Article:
Lead


Lay summary

The evolution of the alpine landscapes is a result of the composite effects of climate, tectonics and erosion. In order to understand the landscape evolution it is necessary to establish erosion or denudation rates. However, it is known that denudation rates are variable over time and space, but it is largely unknown to what extend this variability exists, can be quantitatively constrained and what induced these variations. Specifically, after the last glaciations (e.g., in the European Alps), geomorphic processes and denudation rates must have adjusted to the new interglacial condition. The main questions hereby - amongst others - are: 1.) Did denudation rates first increased and later decreased since the retreat of the glaciers? 2.) What impact has a Holocene climate change on denudation rates? 3.) How does a climate change affects permafrost areas and thus processes in this region? 4.)What is the influence of episodic events (thunderstorms, floods) on short, medium and long term denudation rates, that occur rather infrequent but with high magnitude? 5.) Are their lag times of cause and effect? 6.) Can we quantify climate change (e.g., increasing numbers of heavy rainstorms and floods, landslides and debris flows) and the related change of denudation rates, and thus study natural hazards and try to better perform on predicting natural risks?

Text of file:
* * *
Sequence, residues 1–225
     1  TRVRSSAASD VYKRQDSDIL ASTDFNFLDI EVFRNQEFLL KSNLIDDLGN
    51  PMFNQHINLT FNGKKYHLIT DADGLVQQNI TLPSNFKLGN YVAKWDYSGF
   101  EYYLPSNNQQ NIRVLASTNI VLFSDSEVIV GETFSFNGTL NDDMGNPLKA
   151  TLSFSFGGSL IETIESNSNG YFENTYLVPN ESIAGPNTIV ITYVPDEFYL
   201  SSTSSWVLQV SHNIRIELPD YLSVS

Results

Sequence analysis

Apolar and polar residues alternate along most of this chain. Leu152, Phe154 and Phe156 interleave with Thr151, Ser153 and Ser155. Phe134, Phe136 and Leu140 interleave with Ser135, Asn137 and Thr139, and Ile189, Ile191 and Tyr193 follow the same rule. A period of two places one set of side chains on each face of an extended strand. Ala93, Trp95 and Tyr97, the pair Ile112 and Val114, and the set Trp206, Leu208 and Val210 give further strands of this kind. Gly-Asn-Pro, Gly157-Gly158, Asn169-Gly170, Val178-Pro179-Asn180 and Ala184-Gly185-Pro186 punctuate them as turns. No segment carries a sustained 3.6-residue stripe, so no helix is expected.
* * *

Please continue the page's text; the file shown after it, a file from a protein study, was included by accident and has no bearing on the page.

The projects tackles these questions by trying to establish time series of denudation rates using terrestrial cosmogenic nuclides, in combination with field work and GIS analysis. We will use multiple cosmogenic nuclides (10Be 14C, 21Ne, 26Al) in sand from modern rivers and from lake archives for resolving Holocene denudation rates in various catchments of the European Alps. These rates are furthermore evaluated in the light of denudation rates obtained by other methods (sediment yield or thermochronology) that will enable us to have an idea about the steadiness or variability of denudation rates over various temporal and spatial scales. Furthermore we will compare the results of the European Alps with data from the Chilean-Bolivian Andes in South America. This region is characterized by a different climatic and tectonic setting and we thus expect different rates over different integrating timescales. Finally, in combination of the data from the Alps and the Andes we hope to get a better understanding of geomorphic processes, their rates and their driving forces.